It’s pretty dismissive to compare an open source project to cars, turntables and crock pots. bbPress is not a “hobby” for me. I have invested years of my life and tens of thousands of dollars in the platform. I’ve sponsored plugins, worked with developers, and answered help requests. It’s been a big part of my life, and my career.

    This is big news to deliver, and I wish that Matt had delivered it personally. Or at least weighed in on it on this thread.

    This proposed transition has been very badly handled. I am not even referring to the past year or so, or Matt’s posts in these forums or his speeches elsewhere. I am referring specifically to this proposed transition.

    Why not just announce the separate WordPress plugin project and use a new name – why use the same name, and confuse users and antagonize this thriving community?

    In reply to: bbPress Plugin is Born

    “With that said, bbPress is going to be a plugin for WordPress going forward. The name is staying the same, as much as I know that pains some of you to hear.”

    You guys are free to make bbPress into a plugin; it’s your programmer team and trademark. But if existing bbPress plugins and themes will not be compatible at all with the new WordPress plugin, then why give it a confusingly similar name? That’s just begging for users to get confused.

    If you want to use a similar name, you could call the new software BoardPress or something? Please reconsider the idea to recycle the bbPress name for a completely new project. Or at least, it’d be great to hear some of the rationale for recycling the bbPress name for this separate project.



    @pagal – Sorry, I am not for hire. But there are some strong developers on the forums and I’m sure one of them can help you!

    @mikewelling: We edited the “Support Forum” plugin and edited it to create custom categories. Then we created a bunch of forums – and registered a bunch of views that crossed the categories with the forums, like this:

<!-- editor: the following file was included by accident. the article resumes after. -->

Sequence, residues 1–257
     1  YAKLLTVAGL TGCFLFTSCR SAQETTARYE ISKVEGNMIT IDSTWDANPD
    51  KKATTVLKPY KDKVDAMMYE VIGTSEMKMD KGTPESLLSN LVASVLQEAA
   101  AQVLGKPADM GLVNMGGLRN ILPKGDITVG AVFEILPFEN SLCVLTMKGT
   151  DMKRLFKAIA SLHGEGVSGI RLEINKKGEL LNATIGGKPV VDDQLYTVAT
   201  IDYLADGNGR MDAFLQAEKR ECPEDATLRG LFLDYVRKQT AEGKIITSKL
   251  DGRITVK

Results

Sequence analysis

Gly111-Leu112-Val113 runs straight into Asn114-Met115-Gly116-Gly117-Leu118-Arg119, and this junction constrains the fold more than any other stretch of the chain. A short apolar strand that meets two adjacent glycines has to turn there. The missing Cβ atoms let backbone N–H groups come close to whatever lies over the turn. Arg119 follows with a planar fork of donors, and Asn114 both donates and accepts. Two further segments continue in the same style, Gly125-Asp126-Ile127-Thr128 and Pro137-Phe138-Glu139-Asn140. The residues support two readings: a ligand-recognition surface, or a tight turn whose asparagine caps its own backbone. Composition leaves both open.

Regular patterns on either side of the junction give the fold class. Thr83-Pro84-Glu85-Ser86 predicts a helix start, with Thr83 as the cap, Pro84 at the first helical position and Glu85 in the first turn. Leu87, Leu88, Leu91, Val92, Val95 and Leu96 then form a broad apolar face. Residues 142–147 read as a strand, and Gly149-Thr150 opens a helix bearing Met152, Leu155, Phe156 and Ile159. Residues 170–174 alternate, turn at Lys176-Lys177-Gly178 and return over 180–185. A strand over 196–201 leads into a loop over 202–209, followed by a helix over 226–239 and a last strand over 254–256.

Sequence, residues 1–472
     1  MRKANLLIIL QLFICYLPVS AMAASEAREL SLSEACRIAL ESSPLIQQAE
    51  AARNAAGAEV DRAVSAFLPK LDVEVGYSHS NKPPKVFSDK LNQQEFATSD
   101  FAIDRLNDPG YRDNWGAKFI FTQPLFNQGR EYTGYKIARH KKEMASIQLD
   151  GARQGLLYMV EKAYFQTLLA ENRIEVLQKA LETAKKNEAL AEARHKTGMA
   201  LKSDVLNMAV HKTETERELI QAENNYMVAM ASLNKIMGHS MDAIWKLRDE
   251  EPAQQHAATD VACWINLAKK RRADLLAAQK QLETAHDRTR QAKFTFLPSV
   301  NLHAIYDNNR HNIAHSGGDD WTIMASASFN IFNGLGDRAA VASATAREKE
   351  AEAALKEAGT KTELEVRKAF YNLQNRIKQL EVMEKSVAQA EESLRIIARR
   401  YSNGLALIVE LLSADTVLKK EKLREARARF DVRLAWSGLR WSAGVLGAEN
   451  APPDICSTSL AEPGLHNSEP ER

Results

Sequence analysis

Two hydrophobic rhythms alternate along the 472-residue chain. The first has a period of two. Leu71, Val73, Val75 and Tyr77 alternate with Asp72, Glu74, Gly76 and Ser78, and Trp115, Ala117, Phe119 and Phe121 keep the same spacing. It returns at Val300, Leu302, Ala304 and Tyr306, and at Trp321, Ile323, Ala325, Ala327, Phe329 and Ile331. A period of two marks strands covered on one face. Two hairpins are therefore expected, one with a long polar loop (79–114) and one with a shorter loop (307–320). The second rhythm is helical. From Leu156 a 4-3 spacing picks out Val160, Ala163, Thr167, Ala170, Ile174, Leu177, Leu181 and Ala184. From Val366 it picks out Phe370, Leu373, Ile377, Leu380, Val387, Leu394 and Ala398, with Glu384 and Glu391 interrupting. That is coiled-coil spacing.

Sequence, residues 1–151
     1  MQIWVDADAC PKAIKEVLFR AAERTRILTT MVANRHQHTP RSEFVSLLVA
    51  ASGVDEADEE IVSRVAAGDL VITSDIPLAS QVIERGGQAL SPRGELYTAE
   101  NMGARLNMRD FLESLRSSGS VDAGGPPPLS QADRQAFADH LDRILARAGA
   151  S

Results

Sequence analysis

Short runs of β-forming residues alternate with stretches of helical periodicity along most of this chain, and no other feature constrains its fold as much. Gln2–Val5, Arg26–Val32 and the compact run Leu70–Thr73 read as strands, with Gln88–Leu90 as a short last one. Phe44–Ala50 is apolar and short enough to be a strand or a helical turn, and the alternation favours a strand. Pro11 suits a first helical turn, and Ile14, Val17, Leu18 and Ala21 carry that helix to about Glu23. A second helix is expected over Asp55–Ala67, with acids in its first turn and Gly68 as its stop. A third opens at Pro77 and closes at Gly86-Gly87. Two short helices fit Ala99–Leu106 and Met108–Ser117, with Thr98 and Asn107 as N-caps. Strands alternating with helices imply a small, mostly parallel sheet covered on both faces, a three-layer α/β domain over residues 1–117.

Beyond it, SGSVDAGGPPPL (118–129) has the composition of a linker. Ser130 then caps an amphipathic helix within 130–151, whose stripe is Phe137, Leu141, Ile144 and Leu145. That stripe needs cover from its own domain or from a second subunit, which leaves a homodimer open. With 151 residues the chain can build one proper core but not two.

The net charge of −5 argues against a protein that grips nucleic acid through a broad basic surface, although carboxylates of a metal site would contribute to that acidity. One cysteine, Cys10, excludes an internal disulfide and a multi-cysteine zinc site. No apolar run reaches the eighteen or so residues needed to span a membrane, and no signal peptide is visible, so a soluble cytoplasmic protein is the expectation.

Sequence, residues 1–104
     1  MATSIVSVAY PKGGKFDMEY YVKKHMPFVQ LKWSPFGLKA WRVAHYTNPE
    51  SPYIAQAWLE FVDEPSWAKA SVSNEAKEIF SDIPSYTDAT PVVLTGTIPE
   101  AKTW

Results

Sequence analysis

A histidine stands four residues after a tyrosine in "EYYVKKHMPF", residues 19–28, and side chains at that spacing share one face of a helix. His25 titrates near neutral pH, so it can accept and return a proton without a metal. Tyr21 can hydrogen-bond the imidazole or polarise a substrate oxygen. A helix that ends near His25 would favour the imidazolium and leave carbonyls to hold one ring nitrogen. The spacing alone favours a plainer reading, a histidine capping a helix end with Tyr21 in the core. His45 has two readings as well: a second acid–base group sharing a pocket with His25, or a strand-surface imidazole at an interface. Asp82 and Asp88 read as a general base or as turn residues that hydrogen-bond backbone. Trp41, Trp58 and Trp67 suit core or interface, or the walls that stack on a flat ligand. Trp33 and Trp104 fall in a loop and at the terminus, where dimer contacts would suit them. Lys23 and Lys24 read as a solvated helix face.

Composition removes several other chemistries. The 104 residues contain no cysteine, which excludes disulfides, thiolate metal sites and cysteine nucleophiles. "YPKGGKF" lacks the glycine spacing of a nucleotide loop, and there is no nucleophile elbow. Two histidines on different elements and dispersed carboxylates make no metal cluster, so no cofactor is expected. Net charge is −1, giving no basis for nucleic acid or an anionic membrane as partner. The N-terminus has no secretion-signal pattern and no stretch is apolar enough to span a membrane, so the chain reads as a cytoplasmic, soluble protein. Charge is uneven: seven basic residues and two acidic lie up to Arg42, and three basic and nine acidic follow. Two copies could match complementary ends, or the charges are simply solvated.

Good luck!

    In reply to: bbPress Themes

    Your best bet would probably be to find a premium WordPress theme that you like and then purchase that. Then I’m sure you could find someone to convert it to bbPress for you for a reasonably low rate.

    I just thought that was an unfair shot at Sam, is all.

    It’s kind of depressing visiting bbPress lately. A lot of posts end up turning into discussions about how bbPress leadership has failed us.

    I used to answer support questions on a regular basis but it’s not fun to do so when so many threads turn relentlessly negative.

    Just some thoughts,


    By the bbPress documentation site… are you referring to Sam’s personal wiki that he set up before he joined Automattic?

    I’ve done something very similar using separate (but user integrated) installs of WordPress and bbPress.

    Here’s the blog:

    Here are the boards:

    And here is a support forum:

    You don’t need to add an extra column to restrict support access – you can use Roles and “Hidden Forums” to pull that off.

    I’m actually using 7 separate bbPress installs for that site, along with two WordPress installs and some custom code. Just follow the instructions on integrating users between WordPress and bbPress, and wash and repeat for each additional bbPress install.

    Good luck!



    There’s some real passion here, which is great! There’s nothing stopping any of us from forking the code… that’s how WordPress was started after all. A fork of b2.

    I want to go back to an important point that was raised earlier.

    Matt isn’t taking us all out to dinner?!??



    Yah unfortunately it’s not a plugin… so you can’t easily turn it off. You can just rip references to favorites out of your themes:



    I’ve had this problem when downloading plugins while signed out… if I sign it, I’ve noticed it tends to work?

    The issue happens more often than it usually would for me, b/c the plugins install uses 0.8.3 and isn’t signin integrated with the main forum (which uses the latest version).

    At least, I think that signing in will fix the downloads! It could just be random chance that ever time I’ve signed in before, the downloads have started working again! :-)

    In reply to: When bbpress 1.0.3?



    Why is this an unpopular post?

Viewing 25 replies - 1 through 25 (of 937 total)